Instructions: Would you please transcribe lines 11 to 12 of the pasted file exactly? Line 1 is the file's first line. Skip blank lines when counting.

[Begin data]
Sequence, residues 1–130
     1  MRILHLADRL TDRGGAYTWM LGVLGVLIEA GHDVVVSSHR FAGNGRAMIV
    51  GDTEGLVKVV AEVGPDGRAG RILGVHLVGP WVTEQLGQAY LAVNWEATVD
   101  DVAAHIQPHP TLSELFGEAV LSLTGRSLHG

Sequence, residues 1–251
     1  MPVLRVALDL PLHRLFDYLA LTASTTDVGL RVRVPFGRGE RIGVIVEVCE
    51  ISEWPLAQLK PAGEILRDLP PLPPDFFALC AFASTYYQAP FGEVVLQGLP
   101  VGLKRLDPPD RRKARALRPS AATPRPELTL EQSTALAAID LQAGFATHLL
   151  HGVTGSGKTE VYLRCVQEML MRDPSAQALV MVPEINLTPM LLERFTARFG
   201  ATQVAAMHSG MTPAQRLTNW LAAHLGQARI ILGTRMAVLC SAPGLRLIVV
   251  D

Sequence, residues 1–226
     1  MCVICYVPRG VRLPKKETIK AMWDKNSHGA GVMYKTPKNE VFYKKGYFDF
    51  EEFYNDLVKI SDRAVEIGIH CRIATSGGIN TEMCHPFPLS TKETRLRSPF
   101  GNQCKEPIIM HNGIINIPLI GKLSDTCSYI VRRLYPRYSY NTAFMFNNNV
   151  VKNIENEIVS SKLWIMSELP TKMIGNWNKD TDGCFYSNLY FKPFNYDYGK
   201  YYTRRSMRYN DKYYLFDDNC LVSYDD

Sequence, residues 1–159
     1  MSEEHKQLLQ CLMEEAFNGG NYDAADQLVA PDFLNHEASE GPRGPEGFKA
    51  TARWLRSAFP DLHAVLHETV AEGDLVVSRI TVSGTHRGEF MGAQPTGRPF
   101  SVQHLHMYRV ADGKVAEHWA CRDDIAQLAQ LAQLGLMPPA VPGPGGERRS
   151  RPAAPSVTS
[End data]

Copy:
   251  D

Sequence, residues 1–226